FIG. 5 is a cross-sectional view schematically showing another MTJ device 500 consistent with embodiments of the disclosure. The MTJ device 500 utilizes a ferromagnetic layer having a vertical magnetization direction to provide a magnetic field having a lateral component in the free layer. The MTJ device 500 is different from the MTJ device 100 in that the MTJ device 500 does not have the magnetic field providing layer 108 having a horizontal magnetization direction, but instead has a magnetic field providing layer 508 having a vertical magnetization direction. That is, the magnetization direction in the magnetic field providing layer 508 is substantially perpendicular to the surface of the reference layer 102. The magnetic field providing layer 508 is formed between the reference layer 102 and a tunnel insulating layer 504. The tunnel insulating layer 504 is similar to the tunnel insulating layer 104 of the MTJ device 100, except that the tunnel insulating layer 504 has a smaller horizontal dimension than the reference layer 102, as shown in FIG. 5.

In the MTJ device 500, horizontal dimensions of the magnetic field providing layer 508 and the tunnel insulating layer 504 are substantially the same as the horizontal dimension of the free layer 106, and are smaller than the horizontal dimension of the reference layer 102. The magnetic field in the free layer 106 generated by the magnetic field providing layer 508 includes a lateral component, which helps to reduce the switching time of the free layer 106.

In some embodiments, the magnetic field providing layer 508 may include a single-layer film, a multilayer film, or laminated layers of different films. For example, the magnetic field providing layer 508 may include a single-layer film including CoFeB, NiFe, CoFe, Co, Fe, or Ni, a Co/Pt multilayer film, a Co/Pd multilayer film, a Co/Ni multilayer film, a CoPd alloy, or a FePt alloy, or a laminated layer including any combination thereof. In some embodiments, the magnetic field providing layer 508 may be formed of a material different from that forming the reference layer 102. In other embodiments, the magnetic field providing layer 508 may be formed of a same material as the reference layer 102. In such embodiments, the magnetic field providing layer 508 may be formed by etching away a portion of the material layer used to form the reference layer 102. The process of fabricating an MTJ device 500, including such etching away, will be described later.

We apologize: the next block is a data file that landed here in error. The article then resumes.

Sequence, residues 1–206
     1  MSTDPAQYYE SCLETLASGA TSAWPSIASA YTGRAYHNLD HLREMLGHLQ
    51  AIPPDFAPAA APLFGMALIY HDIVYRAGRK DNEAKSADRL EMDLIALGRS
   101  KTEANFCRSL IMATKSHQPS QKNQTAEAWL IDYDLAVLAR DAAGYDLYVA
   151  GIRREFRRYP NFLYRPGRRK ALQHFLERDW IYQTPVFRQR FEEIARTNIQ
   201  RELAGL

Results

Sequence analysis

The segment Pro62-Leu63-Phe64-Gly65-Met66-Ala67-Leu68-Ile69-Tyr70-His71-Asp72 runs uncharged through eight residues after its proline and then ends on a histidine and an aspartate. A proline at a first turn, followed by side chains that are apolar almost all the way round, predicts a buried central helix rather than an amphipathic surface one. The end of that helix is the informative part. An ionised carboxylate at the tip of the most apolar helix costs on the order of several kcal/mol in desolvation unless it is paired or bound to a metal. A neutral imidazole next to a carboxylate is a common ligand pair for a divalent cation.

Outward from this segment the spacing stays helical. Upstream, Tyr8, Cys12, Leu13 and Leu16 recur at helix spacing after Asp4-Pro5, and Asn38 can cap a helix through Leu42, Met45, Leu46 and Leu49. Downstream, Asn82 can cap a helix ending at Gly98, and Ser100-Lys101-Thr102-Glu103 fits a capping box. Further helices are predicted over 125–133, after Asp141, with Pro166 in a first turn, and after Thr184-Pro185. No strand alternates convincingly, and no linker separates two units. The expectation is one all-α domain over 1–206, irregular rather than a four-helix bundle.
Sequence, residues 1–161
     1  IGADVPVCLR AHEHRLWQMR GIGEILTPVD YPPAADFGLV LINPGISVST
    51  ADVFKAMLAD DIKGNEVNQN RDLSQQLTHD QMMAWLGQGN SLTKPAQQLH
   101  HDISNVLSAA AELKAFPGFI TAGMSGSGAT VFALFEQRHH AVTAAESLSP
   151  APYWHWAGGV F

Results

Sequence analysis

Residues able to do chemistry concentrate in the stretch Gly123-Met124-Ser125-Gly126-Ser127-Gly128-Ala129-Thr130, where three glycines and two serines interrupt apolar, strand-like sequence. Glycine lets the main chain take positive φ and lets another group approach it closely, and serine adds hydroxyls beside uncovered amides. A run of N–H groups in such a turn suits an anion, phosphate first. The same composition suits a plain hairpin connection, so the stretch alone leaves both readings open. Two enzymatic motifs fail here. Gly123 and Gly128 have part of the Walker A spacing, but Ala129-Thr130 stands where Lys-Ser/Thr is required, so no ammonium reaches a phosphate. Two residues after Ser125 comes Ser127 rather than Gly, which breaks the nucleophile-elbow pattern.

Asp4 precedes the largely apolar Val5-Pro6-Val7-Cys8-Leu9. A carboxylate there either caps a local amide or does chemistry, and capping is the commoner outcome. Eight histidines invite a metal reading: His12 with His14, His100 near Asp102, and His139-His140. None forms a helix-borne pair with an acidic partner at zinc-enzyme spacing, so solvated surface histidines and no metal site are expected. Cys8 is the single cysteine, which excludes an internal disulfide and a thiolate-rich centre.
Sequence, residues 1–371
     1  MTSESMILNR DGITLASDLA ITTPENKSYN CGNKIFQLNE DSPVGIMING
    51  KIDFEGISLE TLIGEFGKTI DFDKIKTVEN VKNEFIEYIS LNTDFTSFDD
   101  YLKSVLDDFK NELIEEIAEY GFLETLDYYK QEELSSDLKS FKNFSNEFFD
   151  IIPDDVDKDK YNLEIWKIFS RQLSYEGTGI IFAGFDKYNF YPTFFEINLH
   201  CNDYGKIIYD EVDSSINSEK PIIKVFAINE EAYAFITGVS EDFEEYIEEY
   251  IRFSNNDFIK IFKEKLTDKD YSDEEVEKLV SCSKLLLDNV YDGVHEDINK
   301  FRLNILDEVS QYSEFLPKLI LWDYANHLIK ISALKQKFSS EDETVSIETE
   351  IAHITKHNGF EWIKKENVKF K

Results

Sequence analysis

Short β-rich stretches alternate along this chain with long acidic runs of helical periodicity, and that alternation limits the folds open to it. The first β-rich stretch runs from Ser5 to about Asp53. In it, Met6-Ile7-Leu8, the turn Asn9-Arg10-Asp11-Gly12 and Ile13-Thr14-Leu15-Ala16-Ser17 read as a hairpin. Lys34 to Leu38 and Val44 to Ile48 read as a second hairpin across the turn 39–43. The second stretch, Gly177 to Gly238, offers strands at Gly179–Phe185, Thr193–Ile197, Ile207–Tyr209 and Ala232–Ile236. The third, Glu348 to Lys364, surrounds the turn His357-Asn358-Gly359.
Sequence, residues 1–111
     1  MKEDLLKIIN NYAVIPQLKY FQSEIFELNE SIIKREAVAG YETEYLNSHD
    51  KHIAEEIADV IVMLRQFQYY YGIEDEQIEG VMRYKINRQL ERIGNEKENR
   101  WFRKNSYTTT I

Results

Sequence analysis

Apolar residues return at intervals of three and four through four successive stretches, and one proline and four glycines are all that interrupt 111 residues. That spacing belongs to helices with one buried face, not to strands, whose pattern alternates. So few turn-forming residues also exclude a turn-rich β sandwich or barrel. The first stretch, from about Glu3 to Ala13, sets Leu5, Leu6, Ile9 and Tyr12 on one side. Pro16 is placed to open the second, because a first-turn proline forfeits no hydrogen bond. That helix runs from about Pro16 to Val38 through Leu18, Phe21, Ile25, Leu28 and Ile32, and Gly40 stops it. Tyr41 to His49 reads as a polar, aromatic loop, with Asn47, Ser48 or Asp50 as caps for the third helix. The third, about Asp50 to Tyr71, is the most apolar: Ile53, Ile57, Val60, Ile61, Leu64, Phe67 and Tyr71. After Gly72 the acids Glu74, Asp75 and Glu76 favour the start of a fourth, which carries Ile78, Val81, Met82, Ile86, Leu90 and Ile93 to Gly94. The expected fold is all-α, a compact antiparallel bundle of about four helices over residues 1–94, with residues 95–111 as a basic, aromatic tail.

As discussed above, the horizontal component of the magnetic field generated by the magnetic field providing layer 508 in the free layer 106 helps to reduce the switching time of the free layer 106. However, if the magnetic field generated by the magnetic field providing layer 508 is too strong, for example, if the magnetic field providing layer 508 is too thick, the hysteresis loop of the MTJ device 500 may become asymmetric. Therefore, a thickness of the magnetic field providing layer 508 may need to be controlled, so that the magnetic field providing layer 508, on the one hand, helps to reduce the switching time of the free layer 106, and, on the other hand, does not introduce a large impact on the hysteresis loop of the MTJ device 500. In some embodiments, the thickness of the magnetic field providing layer 508 may be about ¼ to about 1/10 of a thickness of the reference layer 102.

In the MTJ device 500, the magnetic field in the free layer 106 generated by the magnetic field providing layer 508 also has a vertical component, as can be schematically seen from the calculation results shown in FIG. 3(A). This vertical component may lead to a switching asymmetry, that is, the switching field for the MTJ device 500 to switch from an anti-parallel status (i.e., the status in which the magnetization direction in the free layer 106 is substantially opposite to the magnetization direction in the reference layer 102) to a parallel status (i.e., the status in which the magnetization direction in the free layer 106 is substantially the same as the magnetization direction in the reference layer 102) may be different from the switching field for the MTJ device 500 to switch from a parallel status to an anti-parallel status. An additional ferromagnetic layer having a magnetization direction substantially opposite to the magnetization direction of the magnetic field providing layer 508 may be used to offset the vertical component of the magnetic field in the free layer 106 generated by the magnetic field providing layer 508. FIGS. 6(A) and 6(B) schematically show such MTJ devices 600-A and 600-B.